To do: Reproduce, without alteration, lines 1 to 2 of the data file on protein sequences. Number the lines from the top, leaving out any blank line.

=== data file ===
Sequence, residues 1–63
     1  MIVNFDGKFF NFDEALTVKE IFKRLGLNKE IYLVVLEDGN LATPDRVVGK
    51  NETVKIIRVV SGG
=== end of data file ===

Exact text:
Sequence, residues 1–63
     1  MIVNFDGKFF NFDEALTVKE IFKRLGLNKE IYLVVLEDGN LATPDRVVGK